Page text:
Her Money: dealing with credit card debt

Jo Pugh from Brunswick East ran up a $20,000 in credit card debt, cut them all up last year, and is now halfway through paying them off. Photo: Simon O’DwyerJo Pugh’s spiral into credit card debt began when she was a 20-year-old student.
Nanjing Night Net

Earning only about $200 a week, and on a youth allowance, a bank approved her for a credit card with a $7000 limit.

“I guess I wanted to have the freedom to be able to spend a little bit more freely just for the sake of being social,” Jo, now 27, says.

“I maxed that out really quickly and ended up in this pattern of paying the minimum repayment every month and then feeling like that money was mine.”

Aiming to clear the debt, Jo applied for another credit card with an interest-free balance transfer, and then another.

Finally, she took out a $7000 personal loan – and despite the fact she says she wasn’t living particularly extravagantly, her total debts had mounted to about $20,000.

Credit cards are one of those areas where the figures are always mind-boggling. Telephone numbers, even of the mobile variety, do not even begin to tell the story.

Last year, Australians whacked $24.4 billion on their credit cards, up from $21.9 billion the year before. By December, total outstanding balances on credit cards stood at $52 billion, and nearly two-thirds of it, or $32 billion, was accruing interest. Comparison website finder南京夜网 estimates that the average credit card balance at the end of last year stood at just over $3000. This suggests cardholders are paying hundreds of dollars in interest a year.

A lot of people pay off their bill each month and never pay interest charges, but sadly many do not and subject themselves to astronomical rates of interest – typically anywhere between 15 per cent and 20 per cent. Indeed in some horrendous cases, mounting credit card debts end in bankruptcy. A Fairfax article a couple of weeks ago told the story of a Melbourne couple in their early 40s, whose failure to pay an $18,000 credit card debt ended in eviction from the family home.

Adele Martin of Firefly Wealth warns her clients to rein in their spending as soon as they stop paying off their credit card balance in full each month. “As soon as you can’t repay your bill each month, you are living beyond your means,” she says.

For clients who have already accumulated debt on their plastic, Martin uses her tried and trusted two-step plan. First, she gets them to build up a buffer of at least $1000. This will be used for emergencies so that those who are trying to pay off their debts don’t start adding to them when they get hit with an unexpected repair bill.

“The buffer, or emergency fund, is so that people don’t start to build up their debt again. This can easily happen if there is nothing to fall back on and it can become a vicious cycle. Psychologically it gets too difficult and people feel like giving up,” Martin says.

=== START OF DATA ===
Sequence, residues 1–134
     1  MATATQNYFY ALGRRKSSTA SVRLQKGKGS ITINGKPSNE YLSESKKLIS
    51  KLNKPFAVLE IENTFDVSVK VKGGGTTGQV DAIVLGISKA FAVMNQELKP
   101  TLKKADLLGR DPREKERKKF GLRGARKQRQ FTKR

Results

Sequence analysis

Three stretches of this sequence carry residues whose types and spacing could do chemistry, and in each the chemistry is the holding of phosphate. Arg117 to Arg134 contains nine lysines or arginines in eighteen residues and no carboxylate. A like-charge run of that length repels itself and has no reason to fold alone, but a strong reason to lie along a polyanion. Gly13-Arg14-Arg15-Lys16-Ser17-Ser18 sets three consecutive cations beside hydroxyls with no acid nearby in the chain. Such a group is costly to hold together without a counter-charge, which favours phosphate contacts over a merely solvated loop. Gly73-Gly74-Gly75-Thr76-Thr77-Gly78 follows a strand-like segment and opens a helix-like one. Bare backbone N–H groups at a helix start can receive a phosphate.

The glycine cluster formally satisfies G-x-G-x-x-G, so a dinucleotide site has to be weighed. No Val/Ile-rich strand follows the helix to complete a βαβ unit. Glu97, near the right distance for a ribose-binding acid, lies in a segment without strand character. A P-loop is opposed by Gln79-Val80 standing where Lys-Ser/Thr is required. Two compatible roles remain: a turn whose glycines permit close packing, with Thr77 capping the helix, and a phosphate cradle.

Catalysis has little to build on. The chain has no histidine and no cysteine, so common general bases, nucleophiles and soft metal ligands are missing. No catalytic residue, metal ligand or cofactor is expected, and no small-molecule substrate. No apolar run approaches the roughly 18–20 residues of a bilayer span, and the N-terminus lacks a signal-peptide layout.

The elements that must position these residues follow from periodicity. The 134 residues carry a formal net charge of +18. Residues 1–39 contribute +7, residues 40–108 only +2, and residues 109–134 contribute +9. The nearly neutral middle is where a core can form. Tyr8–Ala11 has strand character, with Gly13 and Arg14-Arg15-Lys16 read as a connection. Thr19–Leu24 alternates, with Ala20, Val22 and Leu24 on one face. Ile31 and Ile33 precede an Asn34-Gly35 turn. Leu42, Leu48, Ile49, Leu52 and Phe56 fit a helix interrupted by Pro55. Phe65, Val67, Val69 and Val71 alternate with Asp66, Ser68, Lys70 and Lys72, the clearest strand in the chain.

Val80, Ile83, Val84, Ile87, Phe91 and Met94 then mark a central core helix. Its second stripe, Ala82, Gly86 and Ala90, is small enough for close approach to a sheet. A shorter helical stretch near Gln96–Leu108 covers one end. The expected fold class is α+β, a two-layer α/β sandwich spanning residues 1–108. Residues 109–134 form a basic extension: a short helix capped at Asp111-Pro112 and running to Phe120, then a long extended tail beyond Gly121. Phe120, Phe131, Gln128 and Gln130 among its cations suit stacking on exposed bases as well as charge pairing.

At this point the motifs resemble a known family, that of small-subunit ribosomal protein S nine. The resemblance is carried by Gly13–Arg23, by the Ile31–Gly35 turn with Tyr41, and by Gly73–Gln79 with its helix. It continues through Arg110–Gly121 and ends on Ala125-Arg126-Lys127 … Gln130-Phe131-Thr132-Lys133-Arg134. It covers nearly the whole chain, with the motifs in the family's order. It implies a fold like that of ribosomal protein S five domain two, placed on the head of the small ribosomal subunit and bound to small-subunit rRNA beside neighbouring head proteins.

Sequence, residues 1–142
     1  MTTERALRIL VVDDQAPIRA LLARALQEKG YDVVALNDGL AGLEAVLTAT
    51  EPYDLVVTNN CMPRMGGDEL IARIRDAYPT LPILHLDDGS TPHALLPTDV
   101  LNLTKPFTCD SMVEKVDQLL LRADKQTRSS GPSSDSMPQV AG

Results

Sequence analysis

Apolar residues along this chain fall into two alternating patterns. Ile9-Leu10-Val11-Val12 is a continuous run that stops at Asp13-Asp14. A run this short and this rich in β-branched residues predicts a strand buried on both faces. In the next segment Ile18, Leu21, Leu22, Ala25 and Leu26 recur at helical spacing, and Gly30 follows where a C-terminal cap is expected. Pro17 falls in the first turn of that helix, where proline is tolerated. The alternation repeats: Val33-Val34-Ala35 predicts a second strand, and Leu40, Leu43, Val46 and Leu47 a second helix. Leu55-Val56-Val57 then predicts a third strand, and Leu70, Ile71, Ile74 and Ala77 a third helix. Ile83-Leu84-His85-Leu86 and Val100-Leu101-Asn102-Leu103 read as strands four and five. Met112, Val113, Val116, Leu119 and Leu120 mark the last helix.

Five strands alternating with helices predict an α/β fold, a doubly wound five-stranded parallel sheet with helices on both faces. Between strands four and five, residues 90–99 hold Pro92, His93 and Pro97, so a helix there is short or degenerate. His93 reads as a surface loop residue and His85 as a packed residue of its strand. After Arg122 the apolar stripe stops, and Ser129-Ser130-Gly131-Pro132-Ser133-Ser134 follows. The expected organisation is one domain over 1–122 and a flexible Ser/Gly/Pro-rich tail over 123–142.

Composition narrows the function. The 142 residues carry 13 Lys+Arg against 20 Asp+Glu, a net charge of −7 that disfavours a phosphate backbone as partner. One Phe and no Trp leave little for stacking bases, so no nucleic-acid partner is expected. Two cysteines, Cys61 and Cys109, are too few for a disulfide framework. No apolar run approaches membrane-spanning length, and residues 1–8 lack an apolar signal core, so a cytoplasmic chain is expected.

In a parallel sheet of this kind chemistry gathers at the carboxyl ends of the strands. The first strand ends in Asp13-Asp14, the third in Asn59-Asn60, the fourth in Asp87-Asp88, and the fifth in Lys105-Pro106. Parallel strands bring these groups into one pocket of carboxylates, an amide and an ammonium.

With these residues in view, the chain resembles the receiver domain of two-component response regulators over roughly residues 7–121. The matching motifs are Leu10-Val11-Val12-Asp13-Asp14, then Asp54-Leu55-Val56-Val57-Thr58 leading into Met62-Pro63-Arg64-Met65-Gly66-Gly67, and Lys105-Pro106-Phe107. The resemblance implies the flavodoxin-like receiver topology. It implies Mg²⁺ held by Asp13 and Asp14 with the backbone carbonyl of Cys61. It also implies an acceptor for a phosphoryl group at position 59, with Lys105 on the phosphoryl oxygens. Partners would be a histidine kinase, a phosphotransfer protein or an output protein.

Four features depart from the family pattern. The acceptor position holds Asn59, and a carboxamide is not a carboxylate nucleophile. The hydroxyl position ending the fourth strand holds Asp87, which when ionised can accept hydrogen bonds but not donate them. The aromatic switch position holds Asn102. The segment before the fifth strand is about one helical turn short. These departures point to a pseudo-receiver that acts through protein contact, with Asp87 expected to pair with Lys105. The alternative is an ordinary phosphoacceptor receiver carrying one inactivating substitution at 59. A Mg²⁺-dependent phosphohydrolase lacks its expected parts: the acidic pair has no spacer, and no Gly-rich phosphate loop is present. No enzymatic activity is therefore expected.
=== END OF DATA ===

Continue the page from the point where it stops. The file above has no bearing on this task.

The second step involves transferring the balance to an interest-free card and making a plan to pay off the debt within the interest free timeframe – usually between 12 and 18 months.

The repayment plan inevitably involves taking a knife to a client’s expenses, but the Firefly adviser says it is not a difficult task. She can usually find about $3000 of annual savings in clients’ budgets by looking at items ranging from mobile telephone bills to gym memberships.

Gym memberships that are not being used are cancelled. Clients who have Foxtel are encouraged to consider streaming services such as Netflix, which can reduce their home entertainment bill from about $120 a month to about $10. Martin suggests that clients also hunt around for better deals on energy bills and mobile phone plans, particularly if they are breaching monthly caps for calls and the like.

For clients with more serious credit card balances, more drastic action is needed, as it can be hard to find a bank that will offer an interest-free period. In some cases, clients might have to look at moving in with their parents or getting a housemate. In addition, they need to look at their earnings. It might be time to ask for a pay rise or find a way of earning additional income.

But it has to be done. Credit card debt – and the stress that can come with it – can snowball if not kept in check, as the family from Melbourne discovered.

After a trip overseas last year, Jo knew things had to change, and she cut up her cards. “I don’t know why it took me so long to do that,” she says.

Back at university, and working as a waitress, she has halved her debt in a little more than a year, and hopes to be in the black within two years.

“As soon as I get paid, I’m putting money on all of them rather than waiting until due dates.”

Jo says she hasn’t made any significant lifestyle changes, apart from working more.

“I still feel pretty overwhelmed, particularly when I think about the amount of money that has essentially been blown on interest.”

The information in this article should not be taken as financial advice. Please consider your personal circumstances before making any financial decisions.

This story Administrator ready to work first appeared on Nanjing Night Net.

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